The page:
The end of a person’s life can so easily be consumed by chaos – pain, fear, grief, denial. Hospice Austin chaplains meet patients where they are, and, in the process of listening, bring comfort, peace, and invite patients to reflect on and define the meaning of their lives.
“It’s a time to focus on a whole person, and not just a medical issue,” said Hospice Austin Chaplain Katrina Shawgo. “I help them mark this as a sacred time and a sacred space. Their life, their experiences, their memories – chaplains can help bring that into focus. I ask them, ‘How did you become the person I see now?’”
Chaplains are present for the families as well. One husband of a young patient dying of brain cancer was very angry, yelling and cursing at staff as they cared for his wife. Katrina got mad with him about the unjustness of his wife’s disease which gave him a safe space to talk about his anger. He needed someone to name and validate that emotion.
Hospice Austin Chaplain Melissa Russell says that curiosity helps her connect with patients and families. “I’m curious about what’s meaningful to them and what role the spirit – that part of a person that doesn’t change, that’s eternal – plays in their lives.”
Many patients who don’t believe in God develop a strong relationship with the chaplains on their team, simply because the chaplains have no agenda to convert someone to their way of thinking. Melissa said that some of her best visits are with people who are not religious.
She said that people of other faith traditions often call on chaplains as well. “Curiosity about other people’s faith traditions is very helpful,” she said. “Jewish people are usually very welcoming, and so are Islamic. People are willing to share their practice with you if you show interest and want to honor that.” When Melissa was the chaplain for Hospice Austin’s Christopher House, she helped coordinate a visit from monks to a Buddhist patient.
Before Juan Maravilla became a priest, he wanted to become a doctor in order to heal the sick. He’s merged those two passions into his work as a Hospice Austin chaplain. He said his work with patients and families has caused his own spirituality to become stronger. “When people are dying, they want their privacy,” Juan said “But for chaplains, they will open the door. I feel I have a mission, a call to be there.”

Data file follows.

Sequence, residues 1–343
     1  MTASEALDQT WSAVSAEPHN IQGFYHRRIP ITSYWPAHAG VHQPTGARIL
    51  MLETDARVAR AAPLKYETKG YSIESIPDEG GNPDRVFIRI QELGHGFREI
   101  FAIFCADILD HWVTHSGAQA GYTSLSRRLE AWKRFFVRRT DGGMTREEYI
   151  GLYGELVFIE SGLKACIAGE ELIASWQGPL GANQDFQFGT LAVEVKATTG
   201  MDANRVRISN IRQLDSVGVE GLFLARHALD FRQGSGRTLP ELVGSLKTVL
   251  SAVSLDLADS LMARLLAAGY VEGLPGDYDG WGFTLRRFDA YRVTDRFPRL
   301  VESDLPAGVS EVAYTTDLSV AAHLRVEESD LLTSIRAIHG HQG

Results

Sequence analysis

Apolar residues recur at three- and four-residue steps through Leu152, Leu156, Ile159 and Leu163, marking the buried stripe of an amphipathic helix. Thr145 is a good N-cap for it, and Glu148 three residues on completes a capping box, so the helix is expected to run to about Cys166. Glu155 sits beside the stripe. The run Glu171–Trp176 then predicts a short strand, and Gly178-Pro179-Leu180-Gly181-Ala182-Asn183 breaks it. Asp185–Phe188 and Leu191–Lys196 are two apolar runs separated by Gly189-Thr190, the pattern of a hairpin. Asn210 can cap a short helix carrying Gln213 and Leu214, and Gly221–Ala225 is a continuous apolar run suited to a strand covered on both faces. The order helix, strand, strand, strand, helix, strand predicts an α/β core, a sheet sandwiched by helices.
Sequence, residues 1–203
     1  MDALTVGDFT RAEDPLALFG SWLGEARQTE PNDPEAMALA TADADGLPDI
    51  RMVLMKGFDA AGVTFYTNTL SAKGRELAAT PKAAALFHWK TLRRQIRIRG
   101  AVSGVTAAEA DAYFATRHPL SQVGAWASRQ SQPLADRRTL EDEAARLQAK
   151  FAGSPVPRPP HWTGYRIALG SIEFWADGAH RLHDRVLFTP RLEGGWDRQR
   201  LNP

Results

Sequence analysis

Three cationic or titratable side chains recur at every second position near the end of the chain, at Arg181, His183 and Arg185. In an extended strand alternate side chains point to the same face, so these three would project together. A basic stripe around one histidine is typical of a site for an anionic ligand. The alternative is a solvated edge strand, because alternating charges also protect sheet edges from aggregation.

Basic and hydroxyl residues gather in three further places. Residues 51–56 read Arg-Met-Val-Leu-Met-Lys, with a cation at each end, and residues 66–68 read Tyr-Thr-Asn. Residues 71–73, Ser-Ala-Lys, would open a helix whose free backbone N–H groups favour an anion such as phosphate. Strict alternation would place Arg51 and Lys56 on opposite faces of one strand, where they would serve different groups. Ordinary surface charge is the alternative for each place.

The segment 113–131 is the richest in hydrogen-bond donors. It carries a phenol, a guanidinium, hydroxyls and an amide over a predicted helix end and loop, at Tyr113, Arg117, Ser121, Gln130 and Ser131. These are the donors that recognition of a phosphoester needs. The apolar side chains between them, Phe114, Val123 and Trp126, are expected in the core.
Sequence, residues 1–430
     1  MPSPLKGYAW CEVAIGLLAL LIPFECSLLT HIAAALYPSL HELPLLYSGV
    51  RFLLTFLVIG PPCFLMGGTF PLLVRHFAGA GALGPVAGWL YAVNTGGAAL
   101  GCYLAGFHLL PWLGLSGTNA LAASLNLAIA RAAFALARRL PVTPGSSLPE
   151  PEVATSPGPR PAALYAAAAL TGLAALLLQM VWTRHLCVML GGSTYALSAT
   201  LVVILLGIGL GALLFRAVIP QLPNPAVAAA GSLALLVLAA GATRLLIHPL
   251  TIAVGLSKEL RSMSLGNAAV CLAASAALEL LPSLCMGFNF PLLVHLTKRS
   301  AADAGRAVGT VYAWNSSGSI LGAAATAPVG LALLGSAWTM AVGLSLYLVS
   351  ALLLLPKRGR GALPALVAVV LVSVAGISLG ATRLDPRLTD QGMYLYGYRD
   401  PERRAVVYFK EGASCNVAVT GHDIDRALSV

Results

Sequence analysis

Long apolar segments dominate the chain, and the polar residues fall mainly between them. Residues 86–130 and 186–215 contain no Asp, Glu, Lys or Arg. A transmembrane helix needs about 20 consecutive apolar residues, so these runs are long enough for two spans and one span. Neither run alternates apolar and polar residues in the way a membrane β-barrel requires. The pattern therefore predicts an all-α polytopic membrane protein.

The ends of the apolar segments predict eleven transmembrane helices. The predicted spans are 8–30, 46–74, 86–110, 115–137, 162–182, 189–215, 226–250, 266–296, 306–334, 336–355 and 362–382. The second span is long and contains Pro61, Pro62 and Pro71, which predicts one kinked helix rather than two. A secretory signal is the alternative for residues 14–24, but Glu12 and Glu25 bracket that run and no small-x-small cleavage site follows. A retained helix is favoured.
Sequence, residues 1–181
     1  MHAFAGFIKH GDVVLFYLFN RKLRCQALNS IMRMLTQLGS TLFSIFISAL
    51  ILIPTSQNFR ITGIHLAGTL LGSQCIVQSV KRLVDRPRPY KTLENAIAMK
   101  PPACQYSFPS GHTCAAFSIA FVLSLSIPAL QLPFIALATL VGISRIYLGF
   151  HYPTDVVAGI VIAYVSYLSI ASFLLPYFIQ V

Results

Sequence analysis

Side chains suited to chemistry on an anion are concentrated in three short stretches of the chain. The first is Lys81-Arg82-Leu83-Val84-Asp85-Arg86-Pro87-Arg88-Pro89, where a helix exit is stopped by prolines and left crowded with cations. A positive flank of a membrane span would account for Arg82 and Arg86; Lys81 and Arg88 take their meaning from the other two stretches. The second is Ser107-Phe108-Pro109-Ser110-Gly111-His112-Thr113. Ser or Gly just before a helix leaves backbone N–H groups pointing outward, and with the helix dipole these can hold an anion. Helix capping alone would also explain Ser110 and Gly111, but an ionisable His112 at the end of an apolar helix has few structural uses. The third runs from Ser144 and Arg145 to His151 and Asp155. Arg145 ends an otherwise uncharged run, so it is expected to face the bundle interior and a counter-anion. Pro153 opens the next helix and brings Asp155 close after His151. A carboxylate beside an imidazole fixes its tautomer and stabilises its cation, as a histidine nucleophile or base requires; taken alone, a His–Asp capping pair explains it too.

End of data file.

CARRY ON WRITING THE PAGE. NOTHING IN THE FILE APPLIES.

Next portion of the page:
Often the relationship takes time to build, but it’s done at the patient’s pace. Katrina used to take nature walks with a patient and they would pick wild onions, rosemary and blackberries while they talked. Juan often brings flower arrangements to his patients and, sometimes, they work on the arrangements together.
Juan remembers one patient, who, when Juan visited, asked him what he was doing there. Juan replied that the patient’s daughter had invited him to come by and say hi. The patient asked his wife to give Juan some coffee, and then they just sat in silence. The next week they sat in silence again, but as Juan was about to leave, the patient asked Juan if he would like some ice cream or cookies. The week after, the patient began talking and they developed a strong relationship. Every time Juan was about to go, he would ask if Juan would like some coffee or cookies, just so he could stay a little longer.
The family told Juan that their father was a different person after meeting him; before, he had been angry all the time and disappointed in religion. Juan said he and the patient talked a lot about how dying was a natural process. One day, his family called and said the patient wasn’t doing well and Juan hurried over. The patient was lying on the sofa, agitated and unable to talk, but grabbed Juan’s hands. Juan asked if he would like an anointing, and the patient nodded yes. Juan put on his stole, said a prayer, and began the ritual.
“I was holding his hands,” Juan remembered, “and the strength in his hands slowly let go. He died while I was anointing him. His family said, ‘Juan, he was waiting for you.’”